Dia - tools

This page is dedicated to some tools that might be useful if you're going to use dia for modeling software solutions in the Unified Modeling Language (UML). They might even be useful if you use another modeling tool but then you'd have to write an import-module.


dia_pl is the result of my first attempt(s) and draft on a importer for diagrams written in Prolog. Diagrams can be loaded and facts representing the model-data get asserted. So far so good, but I would - from my experience - not advise to use this if you want to do complex model-operations like class-unifications and so on. Although Prolog is somewhat naturally related to UML the missing type-declarations and usually stateful operation make work on larger projects fairly complicated and frustrating as errors relating to type-changes get usually spotted only at runtime. Therefor the approach evolved into the current state where basic facts representing object properties are used to describe the model instead of data-structures modeled by predicates. But then the need for doing a lot of operations on the database that involve checking for unifyability of object-properties and updating it according to the result made the prolog source look quite unelegant when compared to other scenarios where prolog simply rules. So I stopped working on it for now. The class-unification-operation has to be completely reworked and loading large diagrams is ridiciously slow (although I made some changes that speed it up a lot when compared to the first versions).
Source code is available here.
But note that this is at best a draft-version.


This is my second attempt, written in C++. Models can be loaded, classes can get unified and aggregations/compositions are interpreted by adding attributes if needed. After those operations the unified UML-classes can be transformed into C++-Metaclasses that represent the most necessary C++-language-elements. Those metaclasses are used to generate header-files and can be used as runtime-type-information(RTTI). The model-operations and the transformation from UML to the cpp-metaclasses as well as the metaclasses itself are more or less tailored for the needs of an interpretation of a particular model but should be easy to modify if not suitable for a given modeling-scenario.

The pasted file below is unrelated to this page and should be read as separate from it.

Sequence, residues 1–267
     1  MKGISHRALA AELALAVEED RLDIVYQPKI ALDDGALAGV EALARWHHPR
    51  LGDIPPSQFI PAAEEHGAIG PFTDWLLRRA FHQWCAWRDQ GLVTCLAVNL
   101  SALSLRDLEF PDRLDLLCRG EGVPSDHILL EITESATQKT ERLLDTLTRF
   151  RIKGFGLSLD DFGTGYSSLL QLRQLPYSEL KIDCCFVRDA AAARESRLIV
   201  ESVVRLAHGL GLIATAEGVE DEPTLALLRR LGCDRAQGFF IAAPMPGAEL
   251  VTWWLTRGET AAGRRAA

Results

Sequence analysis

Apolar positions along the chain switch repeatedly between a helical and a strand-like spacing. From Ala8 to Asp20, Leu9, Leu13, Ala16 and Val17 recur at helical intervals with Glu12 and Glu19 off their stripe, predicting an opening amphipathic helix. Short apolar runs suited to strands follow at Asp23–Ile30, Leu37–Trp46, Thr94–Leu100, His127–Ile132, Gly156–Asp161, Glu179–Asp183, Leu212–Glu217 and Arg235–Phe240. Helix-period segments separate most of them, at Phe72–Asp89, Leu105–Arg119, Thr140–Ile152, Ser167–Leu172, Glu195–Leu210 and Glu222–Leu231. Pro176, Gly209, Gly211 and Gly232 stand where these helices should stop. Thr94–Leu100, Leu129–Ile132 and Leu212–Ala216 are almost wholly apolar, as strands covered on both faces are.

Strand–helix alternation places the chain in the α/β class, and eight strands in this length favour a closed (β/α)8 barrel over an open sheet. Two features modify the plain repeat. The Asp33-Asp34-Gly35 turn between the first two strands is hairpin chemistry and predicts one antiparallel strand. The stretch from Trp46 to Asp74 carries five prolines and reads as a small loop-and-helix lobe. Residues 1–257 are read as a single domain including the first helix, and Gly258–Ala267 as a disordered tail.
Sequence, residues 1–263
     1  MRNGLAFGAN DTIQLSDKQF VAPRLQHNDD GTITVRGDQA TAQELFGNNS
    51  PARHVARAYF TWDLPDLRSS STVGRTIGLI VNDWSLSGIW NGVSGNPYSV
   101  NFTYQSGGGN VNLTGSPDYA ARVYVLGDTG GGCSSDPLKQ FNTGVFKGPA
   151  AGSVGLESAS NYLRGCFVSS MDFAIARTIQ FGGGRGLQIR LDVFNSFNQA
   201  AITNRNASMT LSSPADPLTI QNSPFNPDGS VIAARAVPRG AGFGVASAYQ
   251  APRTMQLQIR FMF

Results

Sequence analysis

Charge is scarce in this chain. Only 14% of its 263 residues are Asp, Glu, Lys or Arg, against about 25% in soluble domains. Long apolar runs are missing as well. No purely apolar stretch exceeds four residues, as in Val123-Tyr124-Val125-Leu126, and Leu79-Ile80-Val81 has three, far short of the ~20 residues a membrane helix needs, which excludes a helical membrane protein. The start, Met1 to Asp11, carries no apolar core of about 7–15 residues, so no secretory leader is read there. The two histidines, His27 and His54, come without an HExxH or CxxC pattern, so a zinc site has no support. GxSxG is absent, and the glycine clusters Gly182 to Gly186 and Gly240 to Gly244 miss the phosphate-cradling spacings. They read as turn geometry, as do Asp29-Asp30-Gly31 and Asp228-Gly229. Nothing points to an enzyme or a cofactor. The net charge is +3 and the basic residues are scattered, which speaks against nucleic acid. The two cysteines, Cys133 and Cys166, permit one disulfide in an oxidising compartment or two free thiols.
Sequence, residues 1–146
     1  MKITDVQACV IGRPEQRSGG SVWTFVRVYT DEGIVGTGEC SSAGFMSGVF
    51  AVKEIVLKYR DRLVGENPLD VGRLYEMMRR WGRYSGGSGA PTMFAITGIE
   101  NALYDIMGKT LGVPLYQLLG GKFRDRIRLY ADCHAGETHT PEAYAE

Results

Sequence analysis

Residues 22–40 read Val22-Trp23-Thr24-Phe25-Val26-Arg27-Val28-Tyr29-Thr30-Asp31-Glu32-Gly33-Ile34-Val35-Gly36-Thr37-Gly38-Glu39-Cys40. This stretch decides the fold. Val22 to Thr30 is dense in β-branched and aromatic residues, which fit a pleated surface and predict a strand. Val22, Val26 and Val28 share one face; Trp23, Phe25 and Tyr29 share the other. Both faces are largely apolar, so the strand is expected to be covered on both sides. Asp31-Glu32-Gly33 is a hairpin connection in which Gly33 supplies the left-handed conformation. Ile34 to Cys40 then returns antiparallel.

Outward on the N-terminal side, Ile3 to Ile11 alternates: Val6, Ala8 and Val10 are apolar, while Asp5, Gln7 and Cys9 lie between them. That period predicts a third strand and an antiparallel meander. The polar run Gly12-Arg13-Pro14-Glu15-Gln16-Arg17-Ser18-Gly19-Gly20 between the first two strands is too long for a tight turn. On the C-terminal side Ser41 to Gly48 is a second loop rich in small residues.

Source code can be found here.



When using dia_imp the transformations from UML to c++ are defined in c++, although it is possible to define them (at least largely) in UML. Being able to define them in UML would make the code-generator much more useable as it could then be tailored for use in other modeling scenarios by altering the meta-model(s). This is where the Prolog-attempt seems to be more fitting as model-variables and term-evaluation is easily implemented there. Nonetheless would such an approach require some serious work-effort.

Back to home
Copyright (C) 2012 Heiko Lewin